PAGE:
Automaker Roundup

The automobile industry announces mixed results in production around the world.

Japanese Auto Manufacturing Growth
Japanese auto production rose 3.9% in April from a year ago, marking the sixth straight month of gains. Vehicle output increased to 904,821 vehicles in April, according to the Japanese Automobile Manufacturers. Exports of cars, trucks and buses improved 10.6% from one year ago, making the ninth straight month of gains.

VW and GM Announce Agreements with Russia
Russia signed an agreement with Volkswagen for a car production plant Monday and moved closer to a deal with General Motors (GM) as foreign auto makers continue to boost their operations in a nation whose emerging middle class is shunning domestically designed models.

Volkswagen AG's chairman Bernd Pischetsrieder signed an agreement with Trade and Economic Development Minister German Gref to build a nearly $510 million, 115,000-vehicle plant in the city of Kaluga.

According to the Trade and Economic Development Ministry, the German carmaker will initially spend $345 million on the plant, with a further $128 million to be invested to launch full-scale production. Construction is to begin in August, she said.

GM vice president Carl-Peter Forster has signed an agreement on a project for a car production facility in Russia. However, a GM spokesman said the document was one of several that would be needed to reach a deal and that discussions were continuing.

The proposed plan calls for GM to invest $115 million in the initial stage of the project and that construction would begin in June.

GM was an early major foreign investor in Russia's automobile industry, launching a landmark $340 million joint venture with Soviet-era manufacturer AvtoVaz in the city of Togliatti in 2001.

Nissan Sales Drop Sharply
A senior Nissan executive acknowledged Monday that the recent plunge in the automaker's sales in Japan was worse than expected. The company was considering increasing its lineup of tiny cars in response.

Under an agreement with Suzuki Motor Corp., Nissan sells Suzuki-made minicars under the Nissan brand.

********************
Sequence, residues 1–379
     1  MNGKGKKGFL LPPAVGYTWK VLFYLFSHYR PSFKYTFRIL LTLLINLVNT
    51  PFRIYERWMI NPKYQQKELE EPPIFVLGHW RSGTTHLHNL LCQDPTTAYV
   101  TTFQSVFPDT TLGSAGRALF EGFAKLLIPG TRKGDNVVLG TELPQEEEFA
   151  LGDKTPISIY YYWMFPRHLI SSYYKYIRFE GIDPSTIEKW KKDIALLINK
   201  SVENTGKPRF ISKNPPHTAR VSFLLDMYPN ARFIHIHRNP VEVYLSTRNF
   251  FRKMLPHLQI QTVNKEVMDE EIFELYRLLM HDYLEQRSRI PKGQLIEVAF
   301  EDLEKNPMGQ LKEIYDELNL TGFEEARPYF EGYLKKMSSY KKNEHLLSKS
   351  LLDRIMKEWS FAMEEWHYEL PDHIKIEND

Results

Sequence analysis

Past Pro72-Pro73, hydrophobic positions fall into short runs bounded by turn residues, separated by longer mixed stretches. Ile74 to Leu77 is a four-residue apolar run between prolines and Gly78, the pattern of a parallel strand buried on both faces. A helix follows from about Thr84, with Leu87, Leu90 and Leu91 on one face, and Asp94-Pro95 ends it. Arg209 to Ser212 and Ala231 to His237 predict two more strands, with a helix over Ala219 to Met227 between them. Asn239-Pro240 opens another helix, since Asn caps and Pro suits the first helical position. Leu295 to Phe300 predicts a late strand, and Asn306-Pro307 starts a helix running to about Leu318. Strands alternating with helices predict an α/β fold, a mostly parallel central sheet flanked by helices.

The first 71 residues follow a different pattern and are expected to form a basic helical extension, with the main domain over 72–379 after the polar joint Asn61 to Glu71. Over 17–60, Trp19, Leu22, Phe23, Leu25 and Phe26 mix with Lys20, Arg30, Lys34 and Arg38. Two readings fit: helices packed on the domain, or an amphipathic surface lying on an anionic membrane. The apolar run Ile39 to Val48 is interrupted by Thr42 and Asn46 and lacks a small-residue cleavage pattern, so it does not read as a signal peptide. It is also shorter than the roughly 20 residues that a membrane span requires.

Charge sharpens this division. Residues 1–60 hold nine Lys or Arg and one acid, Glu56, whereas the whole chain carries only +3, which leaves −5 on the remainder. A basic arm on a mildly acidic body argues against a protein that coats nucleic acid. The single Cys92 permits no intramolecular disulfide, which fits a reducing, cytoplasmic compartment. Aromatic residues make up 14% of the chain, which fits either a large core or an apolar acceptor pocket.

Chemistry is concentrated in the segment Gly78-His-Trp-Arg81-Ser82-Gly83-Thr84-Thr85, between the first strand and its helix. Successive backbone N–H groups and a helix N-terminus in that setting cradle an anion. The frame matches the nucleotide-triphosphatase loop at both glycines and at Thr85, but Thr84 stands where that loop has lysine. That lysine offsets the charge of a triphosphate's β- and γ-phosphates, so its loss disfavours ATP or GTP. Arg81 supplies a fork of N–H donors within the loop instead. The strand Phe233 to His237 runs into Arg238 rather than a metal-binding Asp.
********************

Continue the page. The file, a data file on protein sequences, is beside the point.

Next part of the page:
Nissan's sales in Japan in April totaled 34,679 vehicles, down 27% on-year. Including minivehicles, which have engines up to 0.66 liter and must be below certain dimensions, Nissan's sales in Japan fell 18.5%.

Nissan, Japan's second biggest automaker, faces tough competition at home and abroad from Toyota Motor Corp., No. 1 in Japan and No. 2 in the world, and Honda Motor Co.

Daewoo is GM's Bright Spot
General Motors Corp.-owned Daewoo is showing gaining improvement in the normally tough South Korean market. GM purchased Daewoo Motor in April 2002 for $1.2 billion.

The successor company, GM Daewoo Auto and Technology, is now a bright spot for GM, which is struggling with declining market share in the United States and a burdensome legacy of benefit obligations.

GM's ability to thrive in South Korea is surprising; given the country's general hostility to foreign businesses. But GM's decision to rehire all 1,600 workers laid off by the old Daewoo won respect. GM's reputation was further enhanced in October when it bought a Daewoo plant that can produce 400,000 cars a year, which was not part of the original acquisition deal.

Analysts believe Daewoo is providing GM with the ability to quickly develop and produce small, price-competitive cars. This type of market is in heavy demand, not only in the United States, but also in China and other emerging markets.

Last year, GM Daewoo sold 1.16 million cars, more than double the number a year earlier. In the first four months of this year, its sales increased 53%, to 476,000 units, surpassing Kia Motors as South Korea's second-largest carmaker, after Hyundai.

Daewoo produced 32% of all GM cars sold last year in China, the company’s second-largest market after the United States. Chevrolet sales in Europe grew 26% last year; all based on GM Daewoo products.

Visteon to Produce Parts in Slovak Republic
Visteon Corporation has begun producing automotive components at its new manufacturing plant in the Slovak Republic.

The facility manufactures interior and climate control products and gives Visteon a manufacturing base to serve the rapidly expanding automotive market in Slovakia and Eastern Europe. The plant supplies door panels for PSA Peugeot-Citroën's new Peugeot 207. Later this year, the facility is scheduled to begin producing climate control components for the Kia Accent .

The plant houses injection molding equipment and is designed for in-sequence production and shipping of door panels to PSA Peugeot-Citroën's assembly plant in Trnava.

The company is preparing for the opening of another manufacturing facility in Slovakia - located in Dubnica. Scheduled to start production in December 2006, it will be a smaller facility designed to deliver climate control components on a just-in-time basis to Kia. Visteon expects to employ up to 400 people in Slovakia when the facilities reach full capacity in 2007.

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